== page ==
In the event, the ‘Solidaristic Poland’ leadership voted by 12 votes to 8 to remain part of the governing camp. This was in stark contrast to the stance taken last May by Jarosław Gowin, the leader of Law and Justice’s other smaller governing partner the liberal-conservative ‘Agreement’ (Porozumienie) party. Mr Gowin resigned from the government and threatened to pull his party out of the ruling coalition over a disagreement about the timing of the presidential election, only to return in triumph as deputy prime minister and economy minister following the autumn ministerial reshuffle. Although Mr Ziobro’s party resolved to vote against approving the EU budget deal in parliament, this should not be a problem for Law and Justice as it can rely on the support of most of the opposition on this issue. So by overplaying his hand and not following through on this earlier tough rhetoric, Mr Ziobro was forced to retreat and lost credibility, while Mr Morawiecki emerged from the dispute considerably strengthened.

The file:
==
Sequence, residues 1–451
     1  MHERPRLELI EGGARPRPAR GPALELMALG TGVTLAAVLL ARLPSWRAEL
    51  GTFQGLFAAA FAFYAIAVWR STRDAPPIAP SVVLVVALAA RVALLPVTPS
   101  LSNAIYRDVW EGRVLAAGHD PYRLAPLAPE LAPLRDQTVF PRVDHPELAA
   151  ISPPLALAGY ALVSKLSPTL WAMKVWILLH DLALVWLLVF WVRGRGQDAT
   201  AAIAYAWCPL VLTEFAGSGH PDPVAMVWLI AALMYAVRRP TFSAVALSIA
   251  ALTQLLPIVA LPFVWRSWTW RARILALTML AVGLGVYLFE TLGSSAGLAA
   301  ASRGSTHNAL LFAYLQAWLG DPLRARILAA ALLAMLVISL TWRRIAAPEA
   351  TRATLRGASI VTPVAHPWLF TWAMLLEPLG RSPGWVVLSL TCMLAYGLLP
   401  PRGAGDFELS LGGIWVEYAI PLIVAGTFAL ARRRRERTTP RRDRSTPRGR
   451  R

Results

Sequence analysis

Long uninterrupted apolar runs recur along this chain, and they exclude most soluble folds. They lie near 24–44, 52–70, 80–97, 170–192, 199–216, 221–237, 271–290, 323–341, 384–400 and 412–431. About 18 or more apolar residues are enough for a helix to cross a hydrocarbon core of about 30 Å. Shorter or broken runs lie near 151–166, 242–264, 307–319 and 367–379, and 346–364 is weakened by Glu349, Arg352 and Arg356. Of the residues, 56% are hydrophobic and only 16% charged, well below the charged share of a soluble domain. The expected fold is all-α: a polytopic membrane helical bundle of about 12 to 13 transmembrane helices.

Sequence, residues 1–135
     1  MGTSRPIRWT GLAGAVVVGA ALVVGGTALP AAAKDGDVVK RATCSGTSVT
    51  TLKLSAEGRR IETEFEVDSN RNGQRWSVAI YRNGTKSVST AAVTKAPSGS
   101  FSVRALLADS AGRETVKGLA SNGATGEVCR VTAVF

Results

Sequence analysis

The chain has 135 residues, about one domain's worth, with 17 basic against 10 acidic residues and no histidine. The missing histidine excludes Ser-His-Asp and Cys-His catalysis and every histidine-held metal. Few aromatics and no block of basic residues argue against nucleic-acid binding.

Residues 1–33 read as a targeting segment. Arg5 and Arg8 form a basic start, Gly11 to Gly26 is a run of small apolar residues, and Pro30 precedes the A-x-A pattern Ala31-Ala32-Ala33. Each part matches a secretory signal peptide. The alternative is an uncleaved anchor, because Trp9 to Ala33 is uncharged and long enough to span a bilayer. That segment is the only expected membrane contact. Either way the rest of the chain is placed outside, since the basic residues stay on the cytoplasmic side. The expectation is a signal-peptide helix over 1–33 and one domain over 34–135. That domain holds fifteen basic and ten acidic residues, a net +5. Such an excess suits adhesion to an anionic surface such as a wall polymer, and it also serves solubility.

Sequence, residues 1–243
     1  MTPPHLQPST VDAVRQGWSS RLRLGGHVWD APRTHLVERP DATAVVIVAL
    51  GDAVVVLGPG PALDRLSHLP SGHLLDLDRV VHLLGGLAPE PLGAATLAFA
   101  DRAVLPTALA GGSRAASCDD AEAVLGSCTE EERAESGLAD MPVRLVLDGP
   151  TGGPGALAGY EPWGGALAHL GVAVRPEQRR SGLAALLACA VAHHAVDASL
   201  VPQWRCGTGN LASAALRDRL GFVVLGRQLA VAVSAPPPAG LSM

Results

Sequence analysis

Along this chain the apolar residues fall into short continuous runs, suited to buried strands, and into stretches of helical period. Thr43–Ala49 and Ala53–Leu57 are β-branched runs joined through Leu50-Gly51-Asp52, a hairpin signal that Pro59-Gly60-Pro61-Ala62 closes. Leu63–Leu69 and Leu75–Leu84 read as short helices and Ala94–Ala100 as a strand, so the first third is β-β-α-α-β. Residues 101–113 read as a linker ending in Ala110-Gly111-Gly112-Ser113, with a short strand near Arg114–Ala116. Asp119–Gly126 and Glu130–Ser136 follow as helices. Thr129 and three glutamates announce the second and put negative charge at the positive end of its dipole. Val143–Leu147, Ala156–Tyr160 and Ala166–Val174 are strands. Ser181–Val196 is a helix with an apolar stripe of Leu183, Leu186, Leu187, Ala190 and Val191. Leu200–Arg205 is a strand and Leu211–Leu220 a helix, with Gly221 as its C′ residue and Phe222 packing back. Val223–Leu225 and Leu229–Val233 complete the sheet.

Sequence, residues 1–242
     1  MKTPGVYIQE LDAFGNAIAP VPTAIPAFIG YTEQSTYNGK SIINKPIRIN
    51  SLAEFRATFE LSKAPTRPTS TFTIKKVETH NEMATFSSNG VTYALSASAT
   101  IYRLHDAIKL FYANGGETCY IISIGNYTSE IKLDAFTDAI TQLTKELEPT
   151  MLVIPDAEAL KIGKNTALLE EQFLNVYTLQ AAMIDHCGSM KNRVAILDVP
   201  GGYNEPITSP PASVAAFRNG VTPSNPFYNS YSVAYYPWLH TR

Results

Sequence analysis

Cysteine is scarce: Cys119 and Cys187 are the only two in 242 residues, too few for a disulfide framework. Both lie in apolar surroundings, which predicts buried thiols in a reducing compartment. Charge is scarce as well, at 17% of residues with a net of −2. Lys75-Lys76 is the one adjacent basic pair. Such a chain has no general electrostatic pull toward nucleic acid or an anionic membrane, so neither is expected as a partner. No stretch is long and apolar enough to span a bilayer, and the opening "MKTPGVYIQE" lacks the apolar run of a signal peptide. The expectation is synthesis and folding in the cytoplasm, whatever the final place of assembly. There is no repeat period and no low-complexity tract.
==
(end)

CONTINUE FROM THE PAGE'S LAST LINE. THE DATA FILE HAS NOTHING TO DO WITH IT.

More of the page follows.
Laying the groundwork for a new political formation?

However, it is too early to write Mr Ziobro off, not least because Law and Justice needs the votes of ‘Solidaristic Poland’ to retain its slim parliamentary majority, and his ongoing bitter personal rivalry with Mr Morawiecki will continue. The lack of trust and divisions between the governing camp’s more ideologically hardline traditionalist-conservative and ‘centrist’ technocratic-modernising currents, and their two key protagonists, are very deeply-rooted and also run through Law and Justice itself, many of whose old guard are ideologically closer to Mr Ziobro and wary of Morawiecki’s ambitions. Mr Kaczyński’s authority as the dominant figure on the Polish right, which has kept the lid on the various factional and leadership disputes, is also starting to wane and, sooner or later, Mr Ziobro will return to testing its limits.